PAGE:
Slack — Shares of Slack Technologies dipped nearly 2% after Goldman Sachs downgraded the business messaging service to sell from neutral. The Wall Street firm noted an “enduring battle” with Microsoft’s messaging offering Teams, which can impair Slack’s long-term growth and market penetration.
Spotify — The streaming company’s stock rose 5% after Rosenblatt Securities gave the streaming company’s stock a $275 per share price target, the highest on Wall Street. The firm said Spotify’s exclusive podcasts like “The Ringer,” “The Joe Rogan Experience,” and Kim Kardashian West’s “The Innocence Project” are emerging as a new monetizing channel.
Penn National Gaming — Shares jumped more than 5% after the company said more than 70% of its locations around the U.S. have reopened. Friday’s advance put the stock up more than 30% year to date.
Occidental Petroleum — Shares of the oil company gained 4% on Friday after SunTrust Robinson Humphrey upgraded the stock to buy from hold and nearly doubled its price target. The firm said in a note to clients that Occidental could see an “outsized benefit” from rising oil prices. West Texas Intermediate futures rose back above $40 per barrel on Friday.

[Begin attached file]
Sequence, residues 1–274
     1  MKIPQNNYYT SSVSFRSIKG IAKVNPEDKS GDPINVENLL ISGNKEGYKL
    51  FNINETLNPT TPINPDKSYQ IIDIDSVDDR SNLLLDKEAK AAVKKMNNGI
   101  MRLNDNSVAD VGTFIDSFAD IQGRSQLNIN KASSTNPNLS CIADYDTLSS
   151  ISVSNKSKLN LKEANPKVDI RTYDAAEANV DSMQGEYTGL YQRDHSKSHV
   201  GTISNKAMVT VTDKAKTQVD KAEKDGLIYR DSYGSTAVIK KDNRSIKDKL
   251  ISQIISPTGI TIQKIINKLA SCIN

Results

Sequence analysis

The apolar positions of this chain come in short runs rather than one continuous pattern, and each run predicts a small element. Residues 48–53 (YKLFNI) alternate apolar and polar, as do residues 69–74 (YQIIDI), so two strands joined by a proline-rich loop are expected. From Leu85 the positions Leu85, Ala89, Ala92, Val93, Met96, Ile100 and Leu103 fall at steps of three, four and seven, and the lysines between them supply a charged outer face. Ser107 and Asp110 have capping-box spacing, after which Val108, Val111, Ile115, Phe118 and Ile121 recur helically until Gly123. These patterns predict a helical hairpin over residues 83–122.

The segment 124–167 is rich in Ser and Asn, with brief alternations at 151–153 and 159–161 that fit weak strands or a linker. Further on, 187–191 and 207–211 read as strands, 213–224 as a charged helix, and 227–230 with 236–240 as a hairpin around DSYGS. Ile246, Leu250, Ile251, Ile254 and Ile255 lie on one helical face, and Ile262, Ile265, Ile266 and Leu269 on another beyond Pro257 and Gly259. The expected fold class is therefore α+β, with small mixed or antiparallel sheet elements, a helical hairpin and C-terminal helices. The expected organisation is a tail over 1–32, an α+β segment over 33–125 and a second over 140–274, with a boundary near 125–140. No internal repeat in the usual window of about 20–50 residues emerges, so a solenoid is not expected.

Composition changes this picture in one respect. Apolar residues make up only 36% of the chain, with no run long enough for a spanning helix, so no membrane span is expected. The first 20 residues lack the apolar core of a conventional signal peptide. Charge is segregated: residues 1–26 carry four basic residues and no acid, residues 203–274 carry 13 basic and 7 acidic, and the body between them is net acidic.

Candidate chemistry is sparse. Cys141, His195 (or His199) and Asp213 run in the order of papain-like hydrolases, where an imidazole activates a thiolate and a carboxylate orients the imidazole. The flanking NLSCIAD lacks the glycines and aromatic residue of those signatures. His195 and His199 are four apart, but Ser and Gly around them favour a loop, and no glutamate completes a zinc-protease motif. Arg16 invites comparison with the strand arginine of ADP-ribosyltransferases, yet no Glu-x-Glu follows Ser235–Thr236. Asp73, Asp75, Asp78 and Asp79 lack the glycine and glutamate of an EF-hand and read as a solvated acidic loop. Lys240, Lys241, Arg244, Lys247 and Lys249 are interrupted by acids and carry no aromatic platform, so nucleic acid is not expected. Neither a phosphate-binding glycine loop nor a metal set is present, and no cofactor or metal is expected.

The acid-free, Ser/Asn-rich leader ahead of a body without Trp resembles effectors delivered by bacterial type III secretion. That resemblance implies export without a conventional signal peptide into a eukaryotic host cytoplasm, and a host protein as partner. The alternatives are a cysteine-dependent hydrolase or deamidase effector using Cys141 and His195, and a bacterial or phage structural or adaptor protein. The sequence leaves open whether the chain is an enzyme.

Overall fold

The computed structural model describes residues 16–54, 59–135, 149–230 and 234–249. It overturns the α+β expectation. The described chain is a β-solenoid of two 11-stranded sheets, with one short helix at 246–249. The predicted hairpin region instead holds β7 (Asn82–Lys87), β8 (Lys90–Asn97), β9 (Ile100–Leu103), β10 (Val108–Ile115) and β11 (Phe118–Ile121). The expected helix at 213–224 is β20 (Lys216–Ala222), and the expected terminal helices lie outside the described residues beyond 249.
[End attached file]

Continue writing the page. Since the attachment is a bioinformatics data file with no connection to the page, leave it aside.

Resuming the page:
CarMax — The stock sank 5.3% in midday trading after the company said that more than 80% of the days in its first quarter were negatively impacted by a mix of store closures and limited operations. Though CarMax topped revenue expectations, CEO Bill Nash added later that the used car retailer’s performance during the quarter was “significantly impacted” by Covid-19 and that, at the virus’s peak in April, sales were down more than 75%.
At Home Group — Shares fell 4.6% on Friday after the company Thursday evening reported a loss of about $359 million for the first quarter. Investors also grew concerned after the company said it wouldn’t issue second-quarter and fiscal-year 2021 guidance. “As the pandemic escalated and we temporarily closed our stores, sales were materially impacted,” Chief Executive Lee Bird said in prepared remarks.
AMC Entertainment — Shares of the movie-theater chain rose 1.6% on Friday after it said it plans to reopen nearly all of its U.S. locations by July 24 following four months of closures that have whacked its profits. The company said Thursday evening it will open 450 of its American theaters on July 15, with another 150 to open nine days later. Attendees will not be required to wear a face mask, but AMC will cap auditorium capacity at 30% during its initial reopening.